Damaskeening, practiced from most ancient times, consists in ornamentally inlaying one metal with another, followed usually by polishing. Generally gold or silver is employed for inlaying. The article to be decorated by damaskeening is usually of iron (steel) or copper; in Oriental (especially Japanese) work, also frequently of bronze, which has been blackened, or, at least, darkened, so that the damaskeening is effectively set off from the ground. If the design consists of lines, the grooves are dug out with the graver in such a manner that they are wider at the bottom, so as to hold the metal forced in. Next, the gold or silver pieces suitably formed are laid on top and hammered in so as to fill up the opening. Finally the surface is gone over again, so that the surface of the inlay is perfectly even with the rest. If the inlays, however, are not in the form of lines, but are composed of larger pieces of certain outlines, they are sometimes allowed to project beyond the surface of the metal decorated. At times there are inlays again in the raised portions of another metal; thus, Japanese bronze articles often contain figures of raised gold inlaid with silver.

Owing to the high value which damaskeening imparts to articles artistically decorated, many attempts have been made to obtain similar effects in a cheaper manner. One is electro-etching, described further on. Another process for the wholesale manufacture of objects closely resembling damaskeened work is the following: By means of a steel punch, on which the decorations to be produced project in relief, the designs are stamped by means of a drop hammer or a stamping press into gold plated or silver plated sheet metal on the side which is to show the damaskeening, finally grinding off the surface, so that the sunken portions are again level. Naturally, the stamped portion, as long as the depth of the stamping is at least equal to the thickness of the precious metal on top, will appear inlaid.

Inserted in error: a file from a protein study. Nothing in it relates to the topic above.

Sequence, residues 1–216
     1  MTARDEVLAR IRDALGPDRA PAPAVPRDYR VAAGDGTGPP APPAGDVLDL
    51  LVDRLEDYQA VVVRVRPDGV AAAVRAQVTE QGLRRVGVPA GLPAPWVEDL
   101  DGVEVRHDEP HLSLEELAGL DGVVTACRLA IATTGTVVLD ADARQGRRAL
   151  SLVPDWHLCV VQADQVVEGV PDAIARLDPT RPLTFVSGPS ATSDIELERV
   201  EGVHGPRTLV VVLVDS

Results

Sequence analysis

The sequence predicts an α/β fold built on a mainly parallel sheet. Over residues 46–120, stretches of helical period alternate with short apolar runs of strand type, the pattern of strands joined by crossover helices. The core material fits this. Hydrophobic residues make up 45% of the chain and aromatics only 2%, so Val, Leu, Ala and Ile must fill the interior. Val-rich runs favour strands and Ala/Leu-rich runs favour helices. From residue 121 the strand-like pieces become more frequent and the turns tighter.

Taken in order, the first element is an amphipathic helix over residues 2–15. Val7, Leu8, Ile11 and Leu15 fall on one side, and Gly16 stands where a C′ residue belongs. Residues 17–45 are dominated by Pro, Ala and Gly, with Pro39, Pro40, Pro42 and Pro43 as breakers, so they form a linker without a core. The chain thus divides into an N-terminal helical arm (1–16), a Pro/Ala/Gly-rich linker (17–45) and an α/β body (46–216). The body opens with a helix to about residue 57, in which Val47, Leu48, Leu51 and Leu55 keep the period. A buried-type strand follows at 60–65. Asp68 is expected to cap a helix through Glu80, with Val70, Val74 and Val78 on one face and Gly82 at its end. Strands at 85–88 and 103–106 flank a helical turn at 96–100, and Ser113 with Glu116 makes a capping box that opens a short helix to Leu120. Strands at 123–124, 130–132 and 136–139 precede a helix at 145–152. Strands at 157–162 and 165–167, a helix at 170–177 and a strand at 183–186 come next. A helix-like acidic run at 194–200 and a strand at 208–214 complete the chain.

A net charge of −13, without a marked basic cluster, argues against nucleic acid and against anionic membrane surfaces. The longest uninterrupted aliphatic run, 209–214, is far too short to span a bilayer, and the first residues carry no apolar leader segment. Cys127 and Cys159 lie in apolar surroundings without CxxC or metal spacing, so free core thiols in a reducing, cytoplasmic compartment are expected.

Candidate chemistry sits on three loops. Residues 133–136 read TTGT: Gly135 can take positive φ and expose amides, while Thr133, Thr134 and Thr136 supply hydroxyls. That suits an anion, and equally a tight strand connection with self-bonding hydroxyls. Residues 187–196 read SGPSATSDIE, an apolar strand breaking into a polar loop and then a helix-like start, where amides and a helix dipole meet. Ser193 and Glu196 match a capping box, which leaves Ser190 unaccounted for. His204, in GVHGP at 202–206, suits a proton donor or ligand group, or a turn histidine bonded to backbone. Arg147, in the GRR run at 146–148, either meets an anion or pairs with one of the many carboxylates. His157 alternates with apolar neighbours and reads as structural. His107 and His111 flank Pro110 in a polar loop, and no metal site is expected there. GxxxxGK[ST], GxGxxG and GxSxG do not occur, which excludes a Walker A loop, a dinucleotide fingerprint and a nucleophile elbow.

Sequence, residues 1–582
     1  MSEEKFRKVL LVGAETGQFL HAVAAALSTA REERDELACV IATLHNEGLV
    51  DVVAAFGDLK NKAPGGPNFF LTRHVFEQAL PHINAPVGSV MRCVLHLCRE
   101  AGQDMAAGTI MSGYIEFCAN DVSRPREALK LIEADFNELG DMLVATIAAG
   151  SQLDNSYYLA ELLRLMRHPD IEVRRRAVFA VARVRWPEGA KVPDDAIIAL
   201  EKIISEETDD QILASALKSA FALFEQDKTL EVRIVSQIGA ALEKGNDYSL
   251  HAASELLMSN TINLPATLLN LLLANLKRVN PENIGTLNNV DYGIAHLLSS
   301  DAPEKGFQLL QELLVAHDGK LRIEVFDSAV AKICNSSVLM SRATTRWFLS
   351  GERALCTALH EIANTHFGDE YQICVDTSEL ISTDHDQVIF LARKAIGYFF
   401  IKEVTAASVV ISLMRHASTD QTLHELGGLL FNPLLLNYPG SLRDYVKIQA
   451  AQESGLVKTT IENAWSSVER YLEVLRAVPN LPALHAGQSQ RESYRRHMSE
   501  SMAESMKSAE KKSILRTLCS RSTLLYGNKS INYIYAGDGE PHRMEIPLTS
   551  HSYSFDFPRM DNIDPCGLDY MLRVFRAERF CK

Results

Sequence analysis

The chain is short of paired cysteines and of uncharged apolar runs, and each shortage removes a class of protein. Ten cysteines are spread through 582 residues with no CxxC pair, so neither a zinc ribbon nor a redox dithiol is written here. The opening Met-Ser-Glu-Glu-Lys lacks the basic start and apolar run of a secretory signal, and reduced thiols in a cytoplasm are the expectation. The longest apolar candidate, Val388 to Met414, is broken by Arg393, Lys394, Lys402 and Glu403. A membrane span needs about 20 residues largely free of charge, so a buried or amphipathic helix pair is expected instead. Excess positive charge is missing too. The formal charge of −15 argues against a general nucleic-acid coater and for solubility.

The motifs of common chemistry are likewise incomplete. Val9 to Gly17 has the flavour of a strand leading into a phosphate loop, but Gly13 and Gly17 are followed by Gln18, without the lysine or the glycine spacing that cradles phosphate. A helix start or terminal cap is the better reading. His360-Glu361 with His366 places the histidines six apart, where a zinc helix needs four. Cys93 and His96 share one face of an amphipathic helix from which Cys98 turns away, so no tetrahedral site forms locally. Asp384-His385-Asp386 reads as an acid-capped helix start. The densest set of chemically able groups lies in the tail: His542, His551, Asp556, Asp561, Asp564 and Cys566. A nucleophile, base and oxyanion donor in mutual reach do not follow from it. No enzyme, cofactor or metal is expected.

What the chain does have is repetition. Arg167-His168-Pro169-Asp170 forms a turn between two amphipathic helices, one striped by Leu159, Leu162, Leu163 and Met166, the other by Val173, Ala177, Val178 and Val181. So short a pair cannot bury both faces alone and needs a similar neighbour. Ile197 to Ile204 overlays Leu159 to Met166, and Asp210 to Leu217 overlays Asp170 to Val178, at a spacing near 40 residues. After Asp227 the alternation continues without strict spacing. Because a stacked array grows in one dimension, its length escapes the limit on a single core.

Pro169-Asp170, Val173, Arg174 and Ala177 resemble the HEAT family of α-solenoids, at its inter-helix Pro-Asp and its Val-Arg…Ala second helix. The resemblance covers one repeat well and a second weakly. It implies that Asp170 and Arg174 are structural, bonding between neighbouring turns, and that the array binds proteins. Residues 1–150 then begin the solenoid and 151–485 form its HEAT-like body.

It is believed that much of the early damaskeening was done by welding together iron and either a steel or an impure or alloyed iron, and treating the surface with a corroding acid that affected the steel or alloy without changing the iron.

The variety or damaskeening known as koftgari or kuft-work, practiced in India, was produced by rough-etching a metallic surface and laying on gold-leaf, which was imbedded so that it adhered only to the etched parts of the design.